Check out Scrivener, a versatile and multifaceted program that serves as a pro writing aid, for these reasons:
- It’s low-risk, with a 30-day free trial program.
- You can buy it for $49 in either Windows or Macintosh version.
- If you need a form of tutorial assistance in learning it, you can find courses at Udemy and other sites.
Full disclosure: I don’t own Scrivener, but I have writer friends who rave about it. Between their acclaim and what I learned in my research for this post, I’m giving it serious consideration.
One of the authors I recently interviewed for my podcast, Writing to Get Business, told me he built his book with Scrivener. Below are highlights of what Scrivener offers.
Goal Checking and Focus
You can set goals for both individual project sessions and for the whole project and periodically check on how you’re doing. You can also avoid distractions by using a full-screen mode that only lets you see your writing screen.
You can choose between MLA (Modern Language Association , APA (American Psychological Association), and Chicago styles of writing. Scrivener also has tools for including scientific or mathematical data.
In addition, you can use it for script writing.
Organizational Features of this Pro Writing Aid
Use Scrivener to import, notes, links, images, and other information in connection with research.
Scrivener’s storyboarding feature creates virtual index cards that you can use to organize sections of a chapter or chapters of a book. A tool called the Corkboard lets you look at them all together.
The Outliner Feature can help you organize your text with folders for sections, chapters, and divisions within chapters.
Help with Self-Publishing
Scrivener is especially useful when it comes to handling the final manuscript. If you choose to self-publish on Kindle or elsewhere, you can avoid more expensive formatting routes. Instead, you have the option to export your document to MOBI (Amazon), EPUB (Barnes & Noble, iTunes, and other platforms), or PDF, TXT, RTF, and DOC.
You can also import from Scrivener to Vellum, which provides the opportunity to create an attractive type design for your book.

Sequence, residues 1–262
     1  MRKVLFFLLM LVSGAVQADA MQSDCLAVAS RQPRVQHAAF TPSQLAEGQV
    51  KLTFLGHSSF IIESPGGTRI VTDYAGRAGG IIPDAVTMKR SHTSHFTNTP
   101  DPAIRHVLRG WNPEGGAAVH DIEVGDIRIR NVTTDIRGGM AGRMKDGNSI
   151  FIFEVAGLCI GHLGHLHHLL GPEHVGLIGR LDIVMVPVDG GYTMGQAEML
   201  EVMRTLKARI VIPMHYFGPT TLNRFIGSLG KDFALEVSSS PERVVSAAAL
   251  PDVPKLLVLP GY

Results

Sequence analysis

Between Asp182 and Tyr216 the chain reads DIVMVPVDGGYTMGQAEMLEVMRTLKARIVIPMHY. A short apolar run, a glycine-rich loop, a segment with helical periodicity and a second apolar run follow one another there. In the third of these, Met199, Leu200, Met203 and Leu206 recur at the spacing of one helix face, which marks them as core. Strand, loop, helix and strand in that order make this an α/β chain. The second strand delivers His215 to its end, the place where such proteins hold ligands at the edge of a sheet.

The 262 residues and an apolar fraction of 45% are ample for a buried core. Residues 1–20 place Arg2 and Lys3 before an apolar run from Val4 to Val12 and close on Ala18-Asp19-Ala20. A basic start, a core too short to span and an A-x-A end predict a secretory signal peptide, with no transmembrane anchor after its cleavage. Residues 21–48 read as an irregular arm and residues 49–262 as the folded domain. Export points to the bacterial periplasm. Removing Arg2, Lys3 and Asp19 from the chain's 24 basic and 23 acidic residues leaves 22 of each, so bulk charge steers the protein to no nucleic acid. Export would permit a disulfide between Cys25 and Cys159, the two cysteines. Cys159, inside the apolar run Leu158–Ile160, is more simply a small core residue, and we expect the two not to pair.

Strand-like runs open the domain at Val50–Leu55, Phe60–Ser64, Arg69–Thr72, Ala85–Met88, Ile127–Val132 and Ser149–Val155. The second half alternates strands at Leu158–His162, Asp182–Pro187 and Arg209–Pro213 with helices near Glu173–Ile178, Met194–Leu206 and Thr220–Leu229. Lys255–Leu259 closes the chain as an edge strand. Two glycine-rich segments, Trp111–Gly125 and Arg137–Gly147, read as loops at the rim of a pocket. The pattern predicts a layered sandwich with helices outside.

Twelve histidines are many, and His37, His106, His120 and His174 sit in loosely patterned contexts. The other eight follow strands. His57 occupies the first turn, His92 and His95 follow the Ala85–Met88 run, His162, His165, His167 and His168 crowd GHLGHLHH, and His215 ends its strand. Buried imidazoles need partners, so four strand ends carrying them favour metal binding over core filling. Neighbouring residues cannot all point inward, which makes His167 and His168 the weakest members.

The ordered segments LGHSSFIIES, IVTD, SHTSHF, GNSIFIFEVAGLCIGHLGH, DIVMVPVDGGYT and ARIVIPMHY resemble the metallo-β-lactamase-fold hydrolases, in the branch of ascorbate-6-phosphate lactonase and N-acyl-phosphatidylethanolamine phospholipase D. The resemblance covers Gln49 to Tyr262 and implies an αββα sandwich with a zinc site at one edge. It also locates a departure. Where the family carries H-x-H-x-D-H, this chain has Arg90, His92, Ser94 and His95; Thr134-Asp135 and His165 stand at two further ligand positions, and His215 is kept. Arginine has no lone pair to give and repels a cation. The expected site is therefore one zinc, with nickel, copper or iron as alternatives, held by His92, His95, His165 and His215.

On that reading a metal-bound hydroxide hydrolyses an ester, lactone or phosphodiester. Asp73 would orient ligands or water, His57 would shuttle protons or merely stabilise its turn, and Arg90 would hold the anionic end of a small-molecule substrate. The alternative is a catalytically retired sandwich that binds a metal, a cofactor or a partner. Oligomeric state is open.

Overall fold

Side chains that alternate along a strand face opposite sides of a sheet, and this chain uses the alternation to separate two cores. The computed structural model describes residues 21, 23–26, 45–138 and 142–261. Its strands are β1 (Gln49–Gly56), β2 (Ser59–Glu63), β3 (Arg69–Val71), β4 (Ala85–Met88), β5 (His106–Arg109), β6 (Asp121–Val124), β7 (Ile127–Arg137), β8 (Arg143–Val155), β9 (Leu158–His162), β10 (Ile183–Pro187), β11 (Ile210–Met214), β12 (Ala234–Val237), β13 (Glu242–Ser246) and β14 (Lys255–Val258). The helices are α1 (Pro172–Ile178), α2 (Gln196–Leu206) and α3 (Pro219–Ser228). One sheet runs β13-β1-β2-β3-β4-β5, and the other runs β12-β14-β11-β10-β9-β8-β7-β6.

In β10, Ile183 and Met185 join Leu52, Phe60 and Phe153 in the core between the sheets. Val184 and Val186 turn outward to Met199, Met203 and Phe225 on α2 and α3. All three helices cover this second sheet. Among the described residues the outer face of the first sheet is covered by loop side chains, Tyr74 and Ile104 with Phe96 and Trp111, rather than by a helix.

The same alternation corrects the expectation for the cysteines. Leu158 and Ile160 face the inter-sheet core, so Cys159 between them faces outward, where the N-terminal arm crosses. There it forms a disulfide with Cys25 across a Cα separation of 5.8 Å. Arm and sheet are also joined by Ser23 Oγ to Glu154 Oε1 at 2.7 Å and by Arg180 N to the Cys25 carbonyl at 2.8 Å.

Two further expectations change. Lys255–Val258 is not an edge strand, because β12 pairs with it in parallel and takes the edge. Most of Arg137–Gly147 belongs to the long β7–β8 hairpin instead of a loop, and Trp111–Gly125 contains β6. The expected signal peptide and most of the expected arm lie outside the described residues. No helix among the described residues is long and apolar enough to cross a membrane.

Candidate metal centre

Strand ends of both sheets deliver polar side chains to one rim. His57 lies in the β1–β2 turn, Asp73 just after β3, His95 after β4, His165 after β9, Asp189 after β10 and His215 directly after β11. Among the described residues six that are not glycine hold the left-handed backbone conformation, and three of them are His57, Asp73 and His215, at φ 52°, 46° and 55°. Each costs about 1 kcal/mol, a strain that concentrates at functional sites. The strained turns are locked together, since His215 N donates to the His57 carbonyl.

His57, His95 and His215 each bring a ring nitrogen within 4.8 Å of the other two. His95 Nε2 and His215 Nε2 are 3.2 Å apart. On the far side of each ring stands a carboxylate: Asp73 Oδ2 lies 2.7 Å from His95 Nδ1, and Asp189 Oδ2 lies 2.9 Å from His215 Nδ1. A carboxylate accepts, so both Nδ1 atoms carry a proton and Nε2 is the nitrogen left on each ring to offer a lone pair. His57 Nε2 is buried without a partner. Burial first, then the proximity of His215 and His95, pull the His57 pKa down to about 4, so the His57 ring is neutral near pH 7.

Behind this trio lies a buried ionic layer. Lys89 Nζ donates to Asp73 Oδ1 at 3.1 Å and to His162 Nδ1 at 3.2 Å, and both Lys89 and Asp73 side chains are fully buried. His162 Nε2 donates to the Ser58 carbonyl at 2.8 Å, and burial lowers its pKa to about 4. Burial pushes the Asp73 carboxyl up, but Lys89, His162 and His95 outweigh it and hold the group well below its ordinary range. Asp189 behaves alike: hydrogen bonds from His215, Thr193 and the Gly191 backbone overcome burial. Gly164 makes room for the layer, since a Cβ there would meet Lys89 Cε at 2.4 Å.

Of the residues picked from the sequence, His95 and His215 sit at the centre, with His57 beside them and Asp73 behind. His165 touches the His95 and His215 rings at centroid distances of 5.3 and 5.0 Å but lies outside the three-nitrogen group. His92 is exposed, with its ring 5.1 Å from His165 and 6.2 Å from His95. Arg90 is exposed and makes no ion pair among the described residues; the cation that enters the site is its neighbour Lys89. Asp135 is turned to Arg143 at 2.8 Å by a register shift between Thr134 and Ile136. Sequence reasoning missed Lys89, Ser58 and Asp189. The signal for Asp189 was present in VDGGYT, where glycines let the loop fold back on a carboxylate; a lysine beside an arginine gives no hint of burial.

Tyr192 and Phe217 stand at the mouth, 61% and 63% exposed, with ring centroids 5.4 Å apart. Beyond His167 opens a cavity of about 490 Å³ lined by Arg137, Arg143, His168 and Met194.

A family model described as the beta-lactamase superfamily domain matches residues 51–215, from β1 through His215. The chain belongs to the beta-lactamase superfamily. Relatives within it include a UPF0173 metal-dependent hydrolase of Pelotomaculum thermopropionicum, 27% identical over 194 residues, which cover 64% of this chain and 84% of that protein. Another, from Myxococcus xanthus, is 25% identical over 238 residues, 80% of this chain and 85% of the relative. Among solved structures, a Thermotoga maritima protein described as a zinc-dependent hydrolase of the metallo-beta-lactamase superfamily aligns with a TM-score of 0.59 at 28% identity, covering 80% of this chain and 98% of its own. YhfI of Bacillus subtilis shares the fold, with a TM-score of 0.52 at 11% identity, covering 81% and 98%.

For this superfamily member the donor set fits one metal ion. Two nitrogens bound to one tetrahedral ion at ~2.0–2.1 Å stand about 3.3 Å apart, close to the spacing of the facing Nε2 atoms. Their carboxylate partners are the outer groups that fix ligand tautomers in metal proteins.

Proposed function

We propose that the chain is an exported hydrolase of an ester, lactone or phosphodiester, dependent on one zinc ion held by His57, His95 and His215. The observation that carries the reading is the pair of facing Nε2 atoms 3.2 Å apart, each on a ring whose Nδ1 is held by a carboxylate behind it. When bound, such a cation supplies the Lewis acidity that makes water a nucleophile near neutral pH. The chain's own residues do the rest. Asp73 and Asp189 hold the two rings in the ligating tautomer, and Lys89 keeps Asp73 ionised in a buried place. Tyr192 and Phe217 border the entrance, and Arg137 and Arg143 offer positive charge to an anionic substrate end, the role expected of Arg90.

Overall, Scrivener does have a learning curve, and some users describe it as steep. It can take two hours to learn the basics, depending on your general technological agility. On the other hand, many writers feel that you don’t need to learn more than the basics. In addition, even those who complain about the learning curve also rave about this pro writing aid.
Free Help is Available
Emily Fox, author of Scrivener for Dummies, gives a detailed account of her own challenges in learning this program and provides an invaluable list of free resources to help you with your own learning curve.
It’s also, of course, free to check out what the Scrivener program looks like. Go to https://www.literatureandlatte.com/scrivener/overview to see screenshots of the various features. You can also browse through the features section, testimonials, and the FAQ.
Paid Help is Also Available
Udemy offers low-cost courses to learn Scrivener in both Windows and Mac formats.
Joseph Michael, a Scrivener expert, offers classes ranging from $127 to $297. He also, from time to time, gives free and useful seminars. If you don’t want to commit at this time, you might want to sign up for his mailing list so you’ll know when a course is available. Go to https://www.learnscrivenerfast.com/?r_done=1#_tcil2ra05
Is Scrivener the best thing invented since moveable type? Is it the best pro writing aid? I don’t know, but in summary, it’s clearly affordable, worth the trouble to learn, and has fervent fans.
It also means you can say good-bye to index cards.
If you liked this post, you’ll love How to Get Published.
Pat Iyer is an editor, author, book coach and ghostwriter who helps individuals create books that encourages their expertise to shine and advances their businesses. She has written or edited 49 of her own books.